Mayoral bid to be `low-waste'

Tim Cadogan.
Tim Cadogan.
Central Otago Mayor Tim Cadogan has confirmed his bid for a second term as mayor, saying he will be running a ''low-waste campaign''.

Mr Cadogan said he would not be putting up billboards or delivering pamphlets this election, ''as I see these two forms of electioneering to be highly wasteful. I am encouraging all other candidates to consider their obligations to the environment in their strategy.''

Mr Cadogan's nomination was lodged yesterday, making him the first nomination for Central Otago mayor this election. He was nominated by Lindsay Breen, of Alexandra, and Murray MacMillan, of Mt Pisa.

Mr Cadogan said he had ''worked hard'' to fulfil the promises he made at the last election, ''which were to be available and to be mayor to all parts and all people of the district''.

He said he had worked hard to improve the connection between the council and community and was proud ''engagement has never been stronger, with record numbers engaging with the 10-year plan, the Cromwell master plan and other consultations''.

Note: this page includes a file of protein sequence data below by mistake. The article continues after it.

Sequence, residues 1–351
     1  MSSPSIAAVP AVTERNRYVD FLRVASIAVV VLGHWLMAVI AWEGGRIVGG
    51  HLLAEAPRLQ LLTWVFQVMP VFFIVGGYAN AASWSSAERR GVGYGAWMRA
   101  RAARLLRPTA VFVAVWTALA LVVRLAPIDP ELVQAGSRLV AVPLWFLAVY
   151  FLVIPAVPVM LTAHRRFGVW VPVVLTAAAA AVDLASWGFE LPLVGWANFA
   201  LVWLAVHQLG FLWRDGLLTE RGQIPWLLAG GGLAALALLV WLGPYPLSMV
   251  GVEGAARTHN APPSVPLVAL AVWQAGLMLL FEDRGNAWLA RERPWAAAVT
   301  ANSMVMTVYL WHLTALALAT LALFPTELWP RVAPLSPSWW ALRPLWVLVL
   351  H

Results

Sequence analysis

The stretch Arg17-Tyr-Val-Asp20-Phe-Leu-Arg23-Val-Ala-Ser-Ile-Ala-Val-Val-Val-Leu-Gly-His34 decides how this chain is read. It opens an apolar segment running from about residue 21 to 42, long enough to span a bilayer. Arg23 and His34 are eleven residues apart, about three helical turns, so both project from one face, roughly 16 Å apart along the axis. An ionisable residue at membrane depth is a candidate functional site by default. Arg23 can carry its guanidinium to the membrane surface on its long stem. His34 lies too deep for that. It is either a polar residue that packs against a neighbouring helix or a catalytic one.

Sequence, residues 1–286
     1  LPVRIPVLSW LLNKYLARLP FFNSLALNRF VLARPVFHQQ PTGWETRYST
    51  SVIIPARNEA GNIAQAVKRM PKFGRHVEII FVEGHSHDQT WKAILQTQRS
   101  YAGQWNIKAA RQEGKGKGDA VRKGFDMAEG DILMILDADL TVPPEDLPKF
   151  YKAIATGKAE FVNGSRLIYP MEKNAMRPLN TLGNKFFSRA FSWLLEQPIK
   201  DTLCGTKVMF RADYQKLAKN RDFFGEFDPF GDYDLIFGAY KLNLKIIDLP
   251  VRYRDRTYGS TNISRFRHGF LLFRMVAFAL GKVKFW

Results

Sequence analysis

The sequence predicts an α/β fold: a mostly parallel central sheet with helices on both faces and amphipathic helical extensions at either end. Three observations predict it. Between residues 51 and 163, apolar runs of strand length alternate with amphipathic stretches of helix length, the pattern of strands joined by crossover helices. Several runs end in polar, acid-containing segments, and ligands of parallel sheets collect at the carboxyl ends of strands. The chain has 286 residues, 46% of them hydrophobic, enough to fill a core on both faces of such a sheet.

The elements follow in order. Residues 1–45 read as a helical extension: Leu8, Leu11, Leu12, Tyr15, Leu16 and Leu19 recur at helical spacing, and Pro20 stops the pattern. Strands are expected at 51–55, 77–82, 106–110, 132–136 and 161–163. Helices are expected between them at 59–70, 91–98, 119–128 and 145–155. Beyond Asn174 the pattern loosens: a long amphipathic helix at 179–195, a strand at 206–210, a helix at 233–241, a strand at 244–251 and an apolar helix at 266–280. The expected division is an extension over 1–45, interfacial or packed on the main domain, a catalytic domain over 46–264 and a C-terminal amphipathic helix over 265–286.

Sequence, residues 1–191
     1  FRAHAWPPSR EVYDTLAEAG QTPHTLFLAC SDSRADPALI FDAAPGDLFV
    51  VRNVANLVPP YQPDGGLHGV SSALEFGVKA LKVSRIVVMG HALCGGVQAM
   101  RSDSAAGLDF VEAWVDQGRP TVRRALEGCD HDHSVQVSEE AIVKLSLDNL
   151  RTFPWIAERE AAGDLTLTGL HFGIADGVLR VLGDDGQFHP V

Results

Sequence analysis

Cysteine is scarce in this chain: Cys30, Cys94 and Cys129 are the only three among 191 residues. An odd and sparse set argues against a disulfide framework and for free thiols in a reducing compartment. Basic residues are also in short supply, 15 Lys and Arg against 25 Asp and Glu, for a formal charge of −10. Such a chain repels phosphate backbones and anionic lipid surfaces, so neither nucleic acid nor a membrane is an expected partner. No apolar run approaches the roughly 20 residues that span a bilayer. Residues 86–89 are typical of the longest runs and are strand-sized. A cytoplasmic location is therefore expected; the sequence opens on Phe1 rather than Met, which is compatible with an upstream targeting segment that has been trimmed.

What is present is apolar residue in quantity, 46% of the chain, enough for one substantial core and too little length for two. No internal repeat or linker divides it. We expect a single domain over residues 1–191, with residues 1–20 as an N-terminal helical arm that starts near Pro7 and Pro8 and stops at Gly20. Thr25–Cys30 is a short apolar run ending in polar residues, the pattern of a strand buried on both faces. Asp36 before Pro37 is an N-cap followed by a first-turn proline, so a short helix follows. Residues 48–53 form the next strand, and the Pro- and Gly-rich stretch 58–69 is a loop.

He said the council was also facing up to its environmental responsibilities, while allowing for future development, as pipes were laid for Clyde's new wastewater scheme and Alexandra's new drinking water scheme; and Cromwell's new wastewater plant was opened.

The council had also helped find ''the right funding model'' for the Maniototo Hospital rebuild, and he had formed the Central Otago Affordable Housing Trust, although he was frustrated by the slow progress of the trust, he said.

Housing affordability and availability were reaching a crisis point and he wanted to keep working with the trust and other agencies over the issue.

Mr Cadogan said Central Otago was facing many issues, including the Manuherikia River minimum flow outcome, and he had challenged both the Otago Regional Council and the Government on aspects of the ''incredibly complicated and difficult'' minimum flow process.

''Leading the community in understanding the issues involved is a primary role moving forward.''

Working towards ''a more sustainable Central Otago while maintaining a robust economy'' would remain a challenge, Mr Cadogan said.

''Reducing the amount of waste we produce has to be something the whole community recognises its responsibility for and, of course, waste is just one part of the sustainability conundrum facing everyone on this planet.''

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